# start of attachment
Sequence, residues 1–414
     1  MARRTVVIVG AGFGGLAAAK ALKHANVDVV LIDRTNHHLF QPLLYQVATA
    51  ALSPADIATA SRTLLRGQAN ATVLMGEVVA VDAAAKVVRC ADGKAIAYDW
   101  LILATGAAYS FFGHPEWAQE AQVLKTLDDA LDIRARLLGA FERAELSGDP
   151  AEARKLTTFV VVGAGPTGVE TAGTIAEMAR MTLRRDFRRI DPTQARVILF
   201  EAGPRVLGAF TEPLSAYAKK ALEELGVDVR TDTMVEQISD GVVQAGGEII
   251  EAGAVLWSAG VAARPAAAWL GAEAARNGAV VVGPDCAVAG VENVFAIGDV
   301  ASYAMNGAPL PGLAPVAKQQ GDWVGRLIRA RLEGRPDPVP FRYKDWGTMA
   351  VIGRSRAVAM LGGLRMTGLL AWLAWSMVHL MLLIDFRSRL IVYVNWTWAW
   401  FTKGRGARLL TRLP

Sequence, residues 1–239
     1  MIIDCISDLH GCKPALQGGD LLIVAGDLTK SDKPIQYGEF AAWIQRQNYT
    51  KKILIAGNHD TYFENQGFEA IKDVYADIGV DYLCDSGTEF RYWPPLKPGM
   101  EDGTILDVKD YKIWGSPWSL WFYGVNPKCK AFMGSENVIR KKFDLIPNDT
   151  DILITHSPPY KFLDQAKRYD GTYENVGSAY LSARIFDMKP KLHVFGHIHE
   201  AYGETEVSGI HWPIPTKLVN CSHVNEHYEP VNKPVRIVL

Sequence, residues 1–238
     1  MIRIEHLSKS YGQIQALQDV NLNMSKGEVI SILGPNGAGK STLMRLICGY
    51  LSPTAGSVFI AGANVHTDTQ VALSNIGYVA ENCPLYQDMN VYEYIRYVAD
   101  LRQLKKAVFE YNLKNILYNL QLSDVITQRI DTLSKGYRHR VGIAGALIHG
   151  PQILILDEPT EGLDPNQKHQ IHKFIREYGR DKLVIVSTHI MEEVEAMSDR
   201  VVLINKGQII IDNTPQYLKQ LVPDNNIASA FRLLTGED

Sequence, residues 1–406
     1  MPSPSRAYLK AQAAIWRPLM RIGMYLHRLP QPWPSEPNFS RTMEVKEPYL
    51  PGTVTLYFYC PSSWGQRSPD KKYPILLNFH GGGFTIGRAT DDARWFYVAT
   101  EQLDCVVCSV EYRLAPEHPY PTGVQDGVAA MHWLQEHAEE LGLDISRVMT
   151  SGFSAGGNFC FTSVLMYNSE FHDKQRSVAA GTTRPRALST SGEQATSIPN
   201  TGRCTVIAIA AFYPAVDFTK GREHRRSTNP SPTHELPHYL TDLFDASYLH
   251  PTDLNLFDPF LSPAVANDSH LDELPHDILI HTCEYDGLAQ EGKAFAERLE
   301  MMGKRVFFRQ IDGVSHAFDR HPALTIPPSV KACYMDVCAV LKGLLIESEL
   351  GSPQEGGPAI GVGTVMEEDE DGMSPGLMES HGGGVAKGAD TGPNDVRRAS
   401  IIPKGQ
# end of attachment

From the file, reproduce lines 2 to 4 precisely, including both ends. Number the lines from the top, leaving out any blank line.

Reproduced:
     1  MARRTVVIVG AGFGGLAAAK ALKHANVDVV LIDRTNHHLF QPLLYQVATA
    51  ALSPADIATA SRTLLRGQAN ATVLMGEVVA VDAAAKVVRC ADGKAIAYDW
   101  LILATGAAYS FFGHPEWAQE AQVLKTLDDA LDIRARLLGA FERAELSGDP